One of our best meals was at a restaurant named Bourgeois; the waitress spoke excellent English.  Things are changing in Kherson despite the presence of this nearby Lenin statue.

Monday, June 17, 2013

Lviv, Ukraine: June 14-17, 2013

The Ceiling of the Lviv Opera House Built in 1901

From Donetsk to Lviv, both in Ukraine a distance of 1025 km east to west, and such a difference in architecture and atmosphere. Ukrainians call Lviv the "Ukrainian Krakow." Lviv has so many beautifully restored Art Nouveau buildings, and it retains the patina of age that makes it so different.  The public gardens are less manicured, wilder than Donetsk. Nature has not been whipped into shape here.  We took the #2 tram to the Center from the apartment we were renting, and this mode of transportation felt so gentile and out of the past.

It was the Lviv Jazz Festival weekend.  We arranged our trip to Lviv much too late to get tickets to the headliner performances, but we did get to hear jazz performers from Ukraine, USA, and Belarus at the free concerts in Rynok (Market) Square.  

We wandered.  One day we went to the Lychakiv Cemetery which dates back to 1786 even though there is one gravestone that is from 1675.  The burials mirror the city's history first with Poles and a few Germans sprinkled in, then only Poles, and then after 1945 mostly Ukrainians as a result of the transitions, expulsions, and wars.  Many of the most beautiful tombstones are sculptures of weeping women.

On Sunday evening in Lviv, young and old were outside enjoying the squares and parks.  

The older men played chess, cards, or backgammon in the Shevchenko Park near the Opera House. 

Chess Fans

Some games attracted more of a crowd than others.  One large "mob" of men were just clustered together chatting.

Benches were packed shoulder to shoulder with senior citizens who seemed to be just out enjoying a pleasant late Spring evening.  Daylight hours are long now with it not getting dark until after 10 pm.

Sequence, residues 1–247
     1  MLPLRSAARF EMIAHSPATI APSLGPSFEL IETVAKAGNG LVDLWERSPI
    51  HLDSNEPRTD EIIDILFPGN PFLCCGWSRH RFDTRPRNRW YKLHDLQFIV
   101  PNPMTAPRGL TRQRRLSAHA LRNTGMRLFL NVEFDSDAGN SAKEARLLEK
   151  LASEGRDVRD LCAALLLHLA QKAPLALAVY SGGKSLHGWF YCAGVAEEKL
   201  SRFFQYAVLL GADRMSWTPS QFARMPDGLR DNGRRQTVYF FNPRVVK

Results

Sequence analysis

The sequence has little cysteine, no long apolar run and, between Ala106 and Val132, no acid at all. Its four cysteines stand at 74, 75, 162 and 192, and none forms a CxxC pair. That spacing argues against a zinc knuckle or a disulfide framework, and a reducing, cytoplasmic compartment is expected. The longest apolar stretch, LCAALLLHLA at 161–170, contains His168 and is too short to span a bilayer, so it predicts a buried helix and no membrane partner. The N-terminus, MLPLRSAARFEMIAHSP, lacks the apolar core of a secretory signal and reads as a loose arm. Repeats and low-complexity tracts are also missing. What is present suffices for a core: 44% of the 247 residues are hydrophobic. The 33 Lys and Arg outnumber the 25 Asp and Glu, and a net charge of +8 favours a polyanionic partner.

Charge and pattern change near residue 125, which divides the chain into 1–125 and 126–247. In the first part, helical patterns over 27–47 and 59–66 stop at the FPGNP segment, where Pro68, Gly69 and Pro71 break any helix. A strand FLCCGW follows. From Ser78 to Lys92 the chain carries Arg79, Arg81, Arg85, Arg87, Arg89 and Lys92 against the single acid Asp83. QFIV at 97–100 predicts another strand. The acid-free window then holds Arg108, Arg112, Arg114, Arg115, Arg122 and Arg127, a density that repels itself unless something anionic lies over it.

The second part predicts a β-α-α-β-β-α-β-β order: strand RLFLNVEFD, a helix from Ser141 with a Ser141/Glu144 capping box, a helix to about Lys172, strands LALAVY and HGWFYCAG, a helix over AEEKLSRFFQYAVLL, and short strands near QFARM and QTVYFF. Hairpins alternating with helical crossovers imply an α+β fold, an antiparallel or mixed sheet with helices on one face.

A group of men and women gathered in front of Shevchenko's monument and began to sing.  They sang and sang for about two hours for themselves not for an audience.

Ukrainian Artist and Poet Taras Shevchenko

Back in Rynok Square even with the commotion of the Jazz Festival, life continued as if it were any other weekend.

Lviv has an easy charm about it.  The city motto is "Just Lviv It!"

Friday, June 14, 2013

Donetsk, Ukraine: June 11-14, 2013

We are (actually Dan is) in Donetsk at the invitation of a group sponsoring a Cyber-crime conference. Donetsk, formerly Stalino, is a coal mining town located in southeastern Ukraine. Coal mining is so much a part of this city that the football (soccer) team name is Shakhtar (Miners) and their mascot is the mole.

Donetsk sits about 50 miles from the Russian border, and is 7 hours, by fast train, east of Kyiv.  The current president of Ukraine, Yanukovych, is from Donetsk as is Ukraine's richest man.

Donetsk was one of the Euro 2012 cities which prompted the richest man to sponsor the construction of the Donbass Arena.  I have never seen a stadium that is surrounded by such beautiful landscaping.  Music plays from loudspeakers through out the park-like landscape.

Donetsk is also the city of one million roses--one for every member of the city's population.

The city is beautifully landscaped as you would imagine a city of wealth should be.  The city boasts  manicured parks, beautiful flowers beds, and an army of gardeners. 

In Donetsk, I continued my pattern of looking for the statue of Comrade Lenin, the Central Market, and the museum.   Here is the requisite statue of Lenin,
 the memorial to the Great Patriotic War (WWII),
and the Central Market.  The first floor of Donetsk's Central Market appears to sell mostly second-hand clothing contradicting all other indicators that Donetsk's population is wealthy.

 The Central Market's fish/meat market is located under the first floor.

The museum is sad and poorly maintained, but the city has lots of outdoor public art in the lovely park of "Forged Sculptures" that commemorates another Donetsk specialty: metallurgy.

Besides the arena, the most visible feature of Donetsk is coal mines and slag heaps.

The hills on the far side of the Dnipro River are slag heaps. Neighborhoods are built around them and they are incorporated into the suburban landscape.

Rather than endure another 7-hour train trip back to Kyiv, Dan and I flew 1025 km (636 miles) to Lviv for the weekend.  Lviv is located in the far western part of Ukraine near the border with Poland.